Saturday, March 15, 2008
Bill Warner and Jihad Watch: Is there some rift between the two we should know about?
Over a year ago, in February of 2007, Robert Spencer posted a “neat encapsulation” of the Problem of Islam written by Bill Warner.
In the comments field, some reader asked the question:
“If the CSPI has a website, please a link to it on Jihad Watch.”
The CSPI is one of the main websites of Bill Warner’s interesting and incisive critiques of the Problem of Islam.
Robert Spencer never answered that reader’s question. Not only that, but over a year later, as of today, March 15, 2008, Spencer still does not provide on the front page of his website, Jihad Watch, a link to CSPI—even though he does provide a copious list of other anti-Islam websites.
What’s going on here?
Furthermore, as recently as January of 2008, Spencer has published news links with the familiar “thanks to” attached (as he has, far more often, thanked that flagrantly and hysterically unhinged personage Morgaan Sinclair)—with “thanks to” Bill Warner a couple of times.
So why does Robert Spencer’s long list of links on his main page conspicuously omit any links to Bill Warner’s sites, including his most important one, CSPI?
Interestingly, there were a couple of recent Jihad Watch articles that may have relevance to this unanswered question.
In a recent article on Jihad Watch by Hugh Fitzgerald, he writes about a recent Front Page round-table discussion and focuses on the most egregious participant, the Muslim “reformer” Edip Yuksel.
One of his main criticisms of Yuksel is his indefensible defense of the Koran. Fitzgerald writes:
The first is that the Qur’an itself, as Robert Spencer points out, contains many passages that are disturbing, for women, and for Infidels, and that the removal of the Hadith would do nothing to correct the problems in the Qur’an itself.
What is conspicuous here is Fitzgerald’s omission of Bill Warner’s contribution to this point in the same round-table discussion. Bill Warner’s contribution was more trenchant and refreshingly incisive than was Spencer’s. And yet Fitzgerald saw fit to completely ignore Warner. Why is that?
In fact, Fitzgerald throughout his essay ignores Warner’s contributions, and only mentions him once—parenthetically—, and not even identifying him as a fellow participant in the round-table which was the main context of Fitzgerald’s critique of Yuksel. Why is that?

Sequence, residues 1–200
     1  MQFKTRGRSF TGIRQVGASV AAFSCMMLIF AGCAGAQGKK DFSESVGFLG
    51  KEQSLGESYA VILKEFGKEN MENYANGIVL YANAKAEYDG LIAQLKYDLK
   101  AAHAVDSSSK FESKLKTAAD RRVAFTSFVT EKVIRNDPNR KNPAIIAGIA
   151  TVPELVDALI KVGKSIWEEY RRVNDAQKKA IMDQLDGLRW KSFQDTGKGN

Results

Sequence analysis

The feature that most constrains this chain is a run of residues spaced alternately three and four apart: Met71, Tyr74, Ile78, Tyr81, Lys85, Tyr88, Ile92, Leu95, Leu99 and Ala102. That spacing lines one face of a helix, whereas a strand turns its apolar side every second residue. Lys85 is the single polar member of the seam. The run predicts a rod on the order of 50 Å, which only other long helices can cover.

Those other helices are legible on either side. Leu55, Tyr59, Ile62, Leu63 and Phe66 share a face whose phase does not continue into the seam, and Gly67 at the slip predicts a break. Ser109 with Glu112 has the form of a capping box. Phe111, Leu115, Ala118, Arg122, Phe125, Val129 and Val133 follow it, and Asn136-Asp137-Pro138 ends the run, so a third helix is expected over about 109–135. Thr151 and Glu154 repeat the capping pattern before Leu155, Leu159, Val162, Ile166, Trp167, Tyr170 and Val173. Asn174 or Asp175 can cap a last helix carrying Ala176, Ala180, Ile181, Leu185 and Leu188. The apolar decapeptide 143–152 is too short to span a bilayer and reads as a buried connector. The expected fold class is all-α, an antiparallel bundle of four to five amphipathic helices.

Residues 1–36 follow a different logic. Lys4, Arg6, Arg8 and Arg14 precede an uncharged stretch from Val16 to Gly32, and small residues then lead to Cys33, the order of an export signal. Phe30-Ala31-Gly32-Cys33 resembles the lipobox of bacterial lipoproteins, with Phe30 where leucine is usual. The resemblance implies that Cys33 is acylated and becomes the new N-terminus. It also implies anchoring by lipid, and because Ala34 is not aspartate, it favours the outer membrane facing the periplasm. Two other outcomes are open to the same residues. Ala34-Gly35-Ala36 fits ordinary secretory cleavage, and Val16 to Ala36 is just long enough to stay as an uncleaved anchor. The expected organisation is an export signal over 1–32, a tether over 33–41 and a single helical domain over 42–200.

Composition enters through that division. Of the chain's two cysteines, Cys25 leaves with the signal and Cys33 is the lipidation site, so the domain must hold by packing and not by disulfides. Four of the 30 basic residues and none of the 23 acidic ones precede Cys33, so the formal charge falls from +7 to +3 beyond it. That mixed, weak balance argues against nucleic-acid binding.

Previously, in another thread posted by Spencer about this same Front Page round-table, Spencer also omitted any sufficient mention of Warner. On that thread, I contributed a couple of comments about the same matter:
...one wonders why the latter half of the “Update” was necessary, since Warner already noted with scintillating effectiveness, as you quoted, what Hugh had picked up on.
I was referring here to Spencer’s “Update” to his post, wherein he wrote:
Hugh tells me I should be sure to direct your attention to Edip Yuksel's agitated reaction to criticisms from Bill Warner and me, and his invitation to us to accept Islam. I do think they are revelatory.
What is interesting about this “Update” is that Spencer fails to mention that Bill Warner in that same Front Page round-table already mentioned this in eminently scintillating and adequate terms. So why did Spencer need Fitzgerald to alert him to this? And why did he fail to mention Warner’s adequate and scintillating observation that would render Fitzgerald’s afterthought superfluous at best?
Then, in that same Jihad Watch article about the Front Page round-table, Fitzgerald posted this comment:
...the Qur’an itself, as Robert Spencer points out, contains many passages that are disturbing, for women, and for Infidels.
To which I posted (under the nickname “cantor”) this observation:
Warner also pointed this out, though Hugh fails to mention Warner's contribution. Warner's contribution was water to a person nearly dying of thirst in the desert. Spencer's was pictures of water.
My comment following upon Hugh Fitzgerald’s was in a Jihad Watch article that appeared on March 7, 2008. Fitzgerald’s subsequent article, in which he persists in neglecting Bill Warner’s contribution, was published on March 15—a week later. Fitzgerald thus had ample time to digest the fact that Bill Warner was being given strangely short shrift. Why didn’t Fitzgerald adjust his article accordingly?
Is there some rift between Jihad Watch and Bill Warner? Considering the extremely valuable perspective of Bill Warner, the question becomes more important the longer it remains unanswered.